7. Balabanian K, Levoye A, Klemm L, et al. (March 2008). "Leukocyte analysis from WHIM syndrome patients reveals a pivotal role for GRK3 in CXCR4 signaling". J. Clin. Invest. 118 (3): 1074–84. doi:10.1172/JCI33187. PMC 2242619. PMID 18274673.<templatestyles src="Module:Citation/CS1/styles.css"></templatestyles>

Further reading

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  • Benovic JL, Onorato JJ, Arriza JL, et al. (1991). "Cloning, expression, and chromosomal localization of beta-adrenergic receptor kinase 2. A new member of the receptor kinase family". J. Biol. Chem. 266 (23): 14939–46. PMID 1869533.<templatestyles src="Module:Citation/CS1/styles.css"></templatestyles>
  • Parruti G, Ambrosini G, Sallese M, De Blasi A (1993). "Molecular cloning, functional expression and mRNA analysis of human beta-adrenergic receptor kinase 2". Biochem. Biophys. Res. Commun. 190 (2): 475–81. doi:10.1006/bbrc.1993.1072. PMID 8427589.<templatestyles src="Module:Citation/CS1/styles.css"></templatestyles>
  • Oppermann M, Freedman NJ, Alexander RW, Lefkowitz RJ (1996). "Phosphorylation of the type 1A angiotensin II receptor by G protein-coupled receptor kinases and protein kinase C". J. Biol. Chem. 271 (22): 13266–72. doi:10.1074/jbc.271.22.13266. PMID 8662816.<templatestyles src="Module:Citation/CS1/styles.css"></templatestyles>
  • Premont RT, Claing A, Vitale N, et al. (1998). "β2-Adrenergic receptor regulation by GIT1, a G protein-coupled receptor kinase-associated ADP ribosylation factor GTPase-activating protein". Proc. Natl. Acad. Sci. U.S.A. 95 (24): 14082–7. doi:10.1073/pnas.95.24.14082. PMC 24330. PMID 9826657.<templatestyles src="Module:Citation/CS1/styles.css"></templatestyles>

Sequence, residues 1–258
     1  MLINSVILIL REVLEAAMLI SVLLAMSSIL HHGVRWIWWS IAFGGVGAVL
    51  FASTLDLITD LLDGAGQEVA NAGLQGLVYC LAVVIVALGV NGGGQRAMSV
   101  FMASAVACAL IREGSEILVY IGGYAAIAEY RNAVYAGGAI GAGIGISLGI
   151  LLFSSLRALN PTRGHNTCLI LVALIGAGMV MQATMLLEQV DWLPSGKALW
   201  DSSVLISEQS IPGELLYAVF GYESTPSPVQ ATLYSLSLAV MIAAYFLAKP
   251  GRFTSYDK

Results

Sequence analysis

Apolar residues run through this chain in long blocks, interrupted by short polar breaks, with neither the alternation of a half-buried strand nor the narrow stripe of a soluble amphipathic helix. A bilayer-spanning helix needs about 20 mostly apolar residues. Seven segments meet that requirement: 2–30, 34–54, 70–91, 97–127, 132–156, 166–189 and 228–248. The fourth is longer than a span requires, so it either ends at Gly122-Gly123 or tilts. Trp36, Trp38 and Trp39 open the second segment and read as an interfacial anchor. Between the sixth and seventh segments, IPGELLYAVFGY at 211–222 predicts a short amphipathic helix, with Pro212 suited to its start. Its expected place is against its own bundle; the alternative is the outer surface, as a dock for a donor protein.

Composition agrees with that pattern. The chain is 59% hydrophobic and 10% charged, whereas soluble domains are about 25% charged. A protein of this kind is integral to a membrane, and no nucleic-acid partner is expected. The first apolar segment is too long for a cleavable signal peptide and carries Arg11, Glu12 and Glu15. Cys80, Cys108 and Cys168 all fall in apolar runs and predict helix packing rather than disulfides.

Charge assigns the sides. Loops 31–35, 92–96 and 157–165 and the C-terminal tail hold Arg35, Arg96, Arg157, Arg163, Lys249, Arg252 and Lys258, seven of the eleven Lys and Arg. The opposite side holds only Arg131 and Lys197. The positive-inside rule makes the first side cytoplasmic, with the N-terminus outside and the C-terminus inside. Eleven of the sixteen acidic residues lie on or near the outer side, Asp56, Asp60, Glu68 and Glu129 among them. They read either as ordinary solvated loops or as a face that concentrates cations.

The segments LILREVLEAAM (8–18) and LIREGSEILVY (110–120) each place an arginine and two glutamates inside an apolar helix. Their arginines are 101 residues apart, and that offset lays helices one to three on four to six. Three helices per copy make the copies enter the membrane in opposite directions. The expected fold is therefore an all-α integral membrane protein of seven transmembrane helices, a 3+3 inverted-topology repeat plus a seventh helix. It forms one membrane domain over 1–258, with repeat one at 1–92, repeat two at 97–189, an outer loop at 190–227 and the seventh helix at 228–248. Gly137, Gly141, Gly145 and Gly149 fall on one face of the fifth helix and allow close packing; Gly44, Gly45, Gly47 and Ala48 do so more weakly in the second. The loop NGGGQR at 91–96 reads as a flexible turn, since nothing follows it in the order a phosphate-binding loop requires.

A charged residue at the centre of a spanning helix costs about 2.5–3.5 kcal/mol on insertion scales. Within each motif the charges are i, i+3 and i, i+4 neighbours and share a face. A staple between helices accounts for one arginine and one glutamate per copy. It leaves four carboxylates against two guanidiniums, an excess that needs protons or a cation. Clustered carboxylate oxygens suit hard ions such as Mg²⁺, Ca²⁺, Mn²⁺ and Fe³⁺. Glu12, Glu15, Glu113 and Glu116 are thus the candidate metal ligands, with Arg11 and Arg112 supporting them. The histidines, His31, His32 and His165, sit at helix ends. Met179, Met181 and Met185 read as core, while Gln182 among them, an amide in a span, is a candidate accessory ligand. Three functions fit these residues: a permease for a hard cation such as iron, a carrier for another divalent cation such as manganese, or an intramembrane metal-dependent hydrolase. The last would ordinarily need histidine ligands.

• Oppermann M, Mack M, Proudfoot AE, Olbrich H (1999). "Differential effects of CC chemokines on CC chemokine receptor 5 (CCR5) phosphorylation and identification of phosphorylation sites on the CCR5 carboxyl terminus". J. Biol. Chem. 274 (13): 8875–85. doi:10.1074/jbc.274.13.8875. PMID 10085131.<templatestyles src="Module:Citation/CS1/styles.css"></templatestyles>
  • Dunham I, Shimizu N, Roe BA, et al. (1999). "The DNA sequence of human chromosome 22". Nature. 402 (6761): 489–95. doi:10.1038/990031. PMID 10591208.<templatestyles src="Module:Citation/CS1/styles.css"></templatestyles>
  • Inngjerdingen M, Damaj B, Maghazachi AA (2000). "Human NK cells express CC chemokine receptors 4 and 8 and respond to thymus and activation-regulated chemokine, macrophage-derived chemokine, and I-309". J. Immunol. 164 (8): 4048–54. doi:10.4049/jimmunol.164.8.4048. PMID 10754297.<templatestyles src="Module:Citation/CS1/styles.css"></templatestyles>
  • Celver JP, Lowe J, Kovoor A, et al. (2001). "Threonine 180 is required for G-protein-coupled receptor kinase 3- and beta-arrestin 2-mediated desensitization of the mu-opioid receptor in Xenopus oocytes". J. Biol. Chem. 276 (7): 4894–900. doi:10.1074/jbc.M007437200. PMID 11060299.<templatestyles src="Module:Citation/CS1/styles.css"></templatestyles>
  • Blaukat A, Pizard A, Breit A, et al. (2001). "Determination of bradykinin B2 receptor in vivo phosphorylation sites and their role in receptor function". J. Biol. Chem. 276 (44): 40431–40. doi:10.1074/jbc.M107024200. PMID 11517230.<templatestyles src="Module:Citation/CS1/styles.css"></templatestyles>